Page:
Mar 25 The Sun and the Pleacher Man By Rich

After sitting around for most of the winter, like most people I was going a bit stir crazy waiting for the weather to break so I could get on with some work in the woods.  Top of my list was this roadside hedge restoration, mainly of hornbeam, it had some poorly spaced old stools which over the years, had been cut higher and higher.  With most of the re-growth starting at 3 or 4 feet high, I felt there was little chance of laying it successfully and the only way to restore it would be to coppice it down as low as possible and start again. To add to the complexity of the task, the stems had grown up into a telephone wire meaning I had a slow and awkward job of unpicking the mass of branches with a combination of pole saw and loppers.

If that wasn’t enough, the week before I started, a tractor had gone down with a flail, smashing off potential stems I might have been able to lay into the gaps.

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The flail got there before I did!

Despite all these difficulties the sun spurred me on and I made a start at the beginning of a welcome 2 weeks of beautiful weather.

Because of the overhanging cable, I found it easier to coppice back into the wood, clearing a space and making it easier to drag the stems back and out of the way.

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Any stems that were low enough I pleached over and layered into the gaps.  If you’ve not done pleaching before, it will take a bit of practice, basically you are trying to sever the stem until it will bend over and lay down but you must leave enough of the bark and sap wood to keep the stem alive.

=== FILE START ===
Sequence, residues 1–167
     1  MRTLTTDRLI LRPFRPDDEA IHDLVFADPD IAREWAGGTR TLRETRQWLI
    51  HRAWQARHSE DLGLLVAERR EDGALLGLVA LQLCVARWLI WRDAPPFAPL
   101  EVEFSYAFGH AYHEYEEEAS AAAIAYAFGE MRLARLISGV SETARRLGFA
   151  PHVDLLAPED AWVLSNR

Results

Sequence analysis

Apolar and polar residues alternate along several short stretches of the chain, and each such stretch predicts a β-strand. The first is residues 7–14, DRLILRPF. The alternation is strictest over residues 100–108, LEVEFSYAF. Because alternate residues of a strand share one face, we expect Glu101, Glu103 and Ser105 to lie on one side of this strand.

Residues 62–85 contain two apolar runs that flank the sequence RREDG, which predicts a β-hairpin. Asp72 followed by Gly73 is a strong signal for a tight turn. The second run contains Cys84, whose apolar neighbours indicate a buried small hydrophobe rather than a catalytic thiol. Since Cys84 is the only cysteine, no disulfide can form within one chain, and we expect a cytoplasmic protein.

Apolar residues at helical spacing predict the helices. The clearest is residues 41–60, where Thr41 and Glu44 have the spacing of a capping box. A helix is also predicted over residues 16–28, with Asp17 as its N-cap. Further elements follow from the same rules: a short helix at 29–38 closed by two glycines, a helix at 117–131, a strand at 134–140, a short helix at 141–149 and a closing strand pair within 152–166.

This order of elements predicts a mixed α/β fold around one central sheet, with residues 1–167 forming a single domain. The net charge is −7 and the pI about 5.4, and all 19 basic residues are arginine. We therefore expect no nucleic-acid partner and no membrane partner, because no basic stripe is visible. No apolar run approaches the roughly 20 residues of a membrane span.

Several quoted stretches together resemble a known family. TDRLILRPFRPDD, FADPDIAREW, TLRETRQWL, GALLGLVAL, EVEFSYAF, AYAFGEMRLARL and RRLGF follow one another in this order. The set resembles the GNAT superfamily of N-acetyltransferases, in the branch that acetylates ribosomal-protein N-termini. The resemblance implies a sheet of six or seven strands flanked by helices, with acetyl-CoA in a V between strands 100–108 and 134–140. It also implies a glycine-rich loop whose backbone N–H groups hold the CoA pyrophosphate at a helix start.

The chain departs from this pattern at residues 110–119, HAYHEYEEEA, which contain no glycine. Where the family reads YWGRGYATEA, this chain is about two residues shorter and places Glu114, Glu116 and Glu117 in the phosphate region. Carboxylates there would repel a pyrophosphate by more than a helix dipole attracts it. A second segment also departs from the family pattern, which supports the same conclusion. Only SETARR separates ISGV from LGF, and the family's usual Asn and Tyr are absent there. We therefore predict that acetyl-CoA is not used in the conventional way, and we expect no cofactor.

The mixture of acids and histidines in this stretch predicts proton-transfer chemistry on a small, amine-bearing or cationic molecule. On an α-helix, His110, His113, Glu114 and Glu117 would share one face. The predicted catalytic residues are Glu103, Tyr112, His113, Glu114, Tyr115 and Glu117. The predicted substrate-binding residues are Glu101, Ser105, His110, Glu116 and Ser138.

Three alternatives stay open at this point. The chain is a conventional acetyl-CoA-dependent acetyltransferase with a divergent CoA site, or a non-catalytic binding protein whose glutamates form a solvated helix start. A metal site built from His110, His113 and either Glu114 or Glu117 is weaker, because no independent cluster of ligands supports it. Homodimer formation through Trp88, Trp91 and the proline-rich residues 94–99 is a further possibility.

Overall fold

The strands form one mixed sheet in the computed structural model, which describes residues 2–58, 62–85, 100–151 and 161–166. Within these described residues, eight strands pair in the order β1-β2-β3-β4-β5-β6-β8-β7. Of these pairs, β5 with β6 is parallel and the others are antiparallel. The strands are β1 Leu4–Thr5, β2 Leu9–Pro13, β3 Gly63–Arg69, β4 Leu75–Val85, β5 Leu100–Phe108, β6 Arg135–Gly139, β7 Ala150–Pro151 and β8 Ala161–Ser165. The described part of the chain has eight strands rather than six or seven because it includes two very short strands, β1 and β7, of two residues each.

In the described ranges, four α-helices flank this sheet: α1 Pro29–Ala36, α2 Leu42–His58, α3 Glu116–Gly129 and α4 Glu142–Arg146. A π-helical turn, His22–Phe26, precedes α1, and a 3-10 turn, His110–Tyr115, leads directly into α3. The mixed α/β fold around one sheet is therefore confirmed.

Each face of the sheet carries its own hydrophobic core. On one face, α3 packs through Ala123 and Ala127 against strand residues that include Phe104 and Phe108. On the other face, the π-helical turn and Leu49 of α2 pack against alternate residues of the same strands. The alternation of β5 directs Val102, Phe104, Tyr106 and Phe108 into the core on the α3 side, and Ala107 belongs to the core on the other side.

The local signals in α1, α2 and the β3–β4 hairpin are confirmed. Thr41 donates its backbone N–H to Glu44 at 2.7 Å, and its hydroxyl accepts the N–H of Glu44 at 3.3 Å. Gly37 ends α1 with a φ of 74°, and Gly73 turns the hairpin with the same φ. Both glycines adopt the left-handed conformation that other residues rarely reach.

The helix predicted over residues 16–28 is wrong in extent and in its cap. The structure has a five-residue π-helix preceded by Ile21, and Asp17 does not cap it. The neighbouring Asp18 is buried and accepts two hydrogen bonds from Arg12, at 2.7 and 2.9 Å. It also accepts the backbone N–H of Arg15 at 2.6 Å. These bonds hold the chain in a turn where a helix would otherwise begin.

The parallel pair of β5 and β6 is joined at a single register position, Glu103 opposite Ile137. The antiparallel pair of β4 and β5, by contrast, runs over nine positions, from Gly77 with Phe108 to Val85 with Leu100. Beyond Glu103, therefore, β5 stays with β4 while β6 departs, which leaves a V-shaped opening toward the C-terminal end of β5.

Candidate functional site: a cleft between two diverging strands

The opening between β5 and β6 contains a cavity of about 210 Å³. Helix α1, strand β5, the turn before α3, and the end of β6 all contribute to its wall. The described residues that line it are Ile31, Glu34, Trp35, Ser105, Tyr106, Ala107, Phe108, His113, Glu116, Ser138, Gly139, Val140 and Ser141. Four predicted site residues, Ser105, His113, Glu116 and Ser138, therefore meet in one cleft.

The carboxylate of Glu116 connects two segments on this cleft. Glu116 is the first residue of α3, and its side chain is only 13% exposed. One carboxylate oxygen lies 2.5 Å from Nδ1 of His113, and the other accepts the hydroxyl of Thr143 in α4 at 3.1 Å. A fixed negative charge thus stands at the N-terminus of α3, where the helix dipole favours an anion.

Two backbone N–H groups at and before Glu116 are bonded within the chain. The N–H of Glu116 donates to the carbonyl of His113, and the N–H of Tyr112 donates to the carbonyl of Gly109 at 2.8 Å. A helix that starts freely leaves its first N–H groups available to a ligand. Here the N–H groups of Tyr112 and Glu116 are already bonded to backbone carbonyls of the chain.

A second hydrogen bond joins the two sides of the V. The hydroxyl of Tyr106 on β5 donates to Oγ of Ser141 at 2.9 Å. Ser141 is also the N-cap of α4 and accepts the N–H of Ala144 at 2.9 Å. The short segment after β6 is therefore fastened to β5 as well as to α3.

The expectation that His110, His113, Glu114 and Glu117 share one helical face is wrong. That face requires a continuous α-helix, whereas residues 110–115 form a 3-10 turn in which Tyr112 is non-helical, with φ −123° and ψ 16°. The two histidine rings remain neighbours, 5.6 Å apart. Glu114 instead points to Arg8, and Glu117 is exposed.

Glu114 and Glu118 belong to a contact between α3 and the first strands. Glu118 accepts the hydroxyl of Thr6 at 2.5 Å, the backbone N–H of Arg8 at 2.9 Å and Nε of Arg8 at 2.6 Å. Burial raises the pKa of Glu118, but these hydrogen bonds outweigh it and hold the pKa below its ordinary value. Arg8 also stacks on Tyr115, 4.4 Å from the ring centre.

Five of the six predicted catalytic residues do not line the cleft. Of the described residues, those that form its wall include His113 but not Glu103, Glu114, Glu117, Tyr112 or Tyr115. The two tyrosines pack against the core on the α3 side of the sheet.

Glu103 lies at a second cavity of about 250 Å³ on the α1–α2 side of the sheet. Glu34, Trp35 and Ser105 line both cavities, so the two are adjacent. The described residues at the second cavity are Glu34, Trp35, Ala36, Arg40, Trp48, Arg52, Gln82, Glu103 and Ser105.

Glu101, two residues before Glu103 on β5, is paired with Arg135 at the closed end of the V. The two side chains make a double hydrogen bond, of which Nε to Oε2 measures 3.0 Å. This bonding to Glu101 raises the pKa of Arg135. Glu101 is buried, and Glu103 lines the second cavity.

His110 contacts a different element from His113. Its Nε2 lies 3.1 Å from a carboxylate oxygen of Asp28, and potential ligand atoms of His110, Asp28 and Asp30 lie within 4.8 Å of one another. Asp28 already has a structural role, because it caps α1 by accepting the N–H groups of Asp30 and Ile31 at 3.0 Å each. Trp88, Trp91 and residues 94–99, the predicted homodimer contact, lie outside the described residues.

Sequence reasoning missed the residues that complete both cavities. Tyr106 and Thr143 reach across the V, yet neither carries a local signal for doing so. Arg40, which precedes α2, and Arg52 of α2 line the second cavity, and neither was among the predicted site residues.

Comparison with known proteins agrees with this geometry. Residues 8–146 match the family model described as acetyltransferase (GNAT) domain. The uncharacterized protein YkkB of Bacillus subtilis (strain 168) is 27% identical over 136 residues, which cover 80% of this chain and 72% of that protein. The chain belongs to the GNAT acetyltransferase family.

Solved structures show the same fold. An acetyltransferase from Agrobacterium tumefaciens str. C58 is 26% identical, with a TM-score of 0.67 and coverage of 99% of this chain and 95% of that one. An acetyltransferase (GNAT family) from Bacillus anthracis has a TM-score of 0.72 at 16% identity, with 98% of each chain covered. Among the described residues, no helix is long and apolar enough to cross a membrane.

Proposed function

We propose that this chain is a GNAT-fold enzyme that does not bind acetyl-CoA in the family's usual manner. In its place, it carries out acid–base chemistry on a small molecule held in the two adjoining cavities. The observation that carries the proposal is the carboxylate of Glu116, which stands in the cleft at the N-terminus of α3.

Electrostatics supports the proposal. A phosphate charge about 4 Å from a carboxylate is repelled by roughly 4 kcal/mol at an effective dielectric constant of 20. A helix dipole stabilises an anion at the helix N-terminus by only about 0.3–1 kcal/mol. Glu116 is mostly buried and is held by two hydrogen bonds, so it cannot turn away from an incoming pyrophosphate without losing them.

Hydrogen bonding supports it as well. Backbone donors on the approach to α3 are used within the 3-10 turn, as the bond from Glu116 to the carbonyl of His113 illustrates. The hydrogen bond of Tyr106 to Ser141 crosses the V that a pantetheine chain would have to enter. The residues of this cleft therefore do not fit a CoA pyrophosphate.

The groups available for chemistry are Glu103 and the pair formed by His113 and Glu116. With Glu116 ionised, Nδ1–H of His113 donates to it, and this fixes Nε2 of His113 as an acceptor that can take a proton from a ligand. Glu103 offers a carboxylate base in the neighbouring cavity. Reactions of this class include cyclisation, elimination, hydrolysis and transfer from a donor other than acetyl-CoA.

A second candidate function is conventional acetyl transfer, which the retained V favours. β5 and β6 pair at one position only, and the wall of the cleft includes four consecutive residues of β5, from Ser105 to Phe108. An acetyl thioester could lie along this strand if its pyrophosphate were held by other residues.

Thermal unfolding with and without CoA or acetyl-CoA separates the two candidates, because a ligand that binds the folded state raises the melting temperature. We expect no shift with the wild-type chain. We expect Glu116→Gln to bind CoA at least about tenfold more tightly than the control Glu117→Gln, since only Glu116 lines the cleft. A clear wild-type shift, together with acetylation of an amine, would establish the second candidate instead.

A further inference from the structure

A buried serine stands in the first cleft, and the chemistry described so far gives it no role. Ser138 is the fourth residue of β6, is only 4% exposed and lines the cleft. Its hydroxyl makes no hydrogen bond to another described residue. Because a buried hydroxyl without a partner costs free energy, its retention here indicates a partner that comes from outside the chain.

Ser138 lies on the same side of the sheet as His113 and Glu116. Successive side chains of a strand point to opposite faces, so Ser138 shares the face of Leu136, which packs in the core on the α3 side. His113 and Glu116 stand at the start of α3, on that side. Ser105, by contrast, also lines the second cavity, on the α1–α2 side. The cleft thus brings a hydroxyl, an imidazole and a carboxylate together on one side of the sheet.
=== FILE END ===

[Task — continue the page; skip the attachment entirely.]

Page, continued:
‘Layering’ is different to ‘laying’, with a well stocked dense hedge, you would just pleach and lay over the stems as low down as you can so as to make it stock proof, then depending on the style you are using, you might put some stakes in at a forearm’s length apart then weave some binders, usually hazel, into the stakes to hold it all down.  Because I had lots of gaps in the hedge, I pleached any suitable stems over into the gaps, dug a shallow trench in the soil, scraped off some bark on the underside and pegged them into the ground.  I’m hoping that where I’ve done this, the stems will root and eventually become independent from the original pleacher making a thicker and more impenetrable barrier.

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You could also plant saplings into the gaps, but I prefer this method as there is no watering to do and the new growth is feeding off the  centuries old, mature root system instead of trying to compete with it.

Normally you would send all your pleachers in the same direction, starting at the highest point and working downhill, so your pleachers are pointing uphill. In this case it was fairly level and with so little to work with, I took every opportunity to get stems in the ground and pleached in both directions where necessary.

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Eventually I managed to get all possible stems layered into the gaps.  The next part was the brutal demolition of 3 saw chains.   I wanted to get these big stools down nearer the ground so that in a few years time the new growth can be laid over to finish the restoration.  These stools looked to me like they were a good few hundred years old, all covered in moss and soil which has built up in all the nooks and crevices.  Being roadside, they have also been accumulating years of road grit and grime.  Each stool took its toll on the saw and the operator as I had to re-sharpen the chain at each cut.  It looks severe now, but starting again is sometimes the only option.

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Now it’s just a question of watching and waiting for it all to come back… it’s a slow process, but it’s had some help from the sun…and the pleacher man! 

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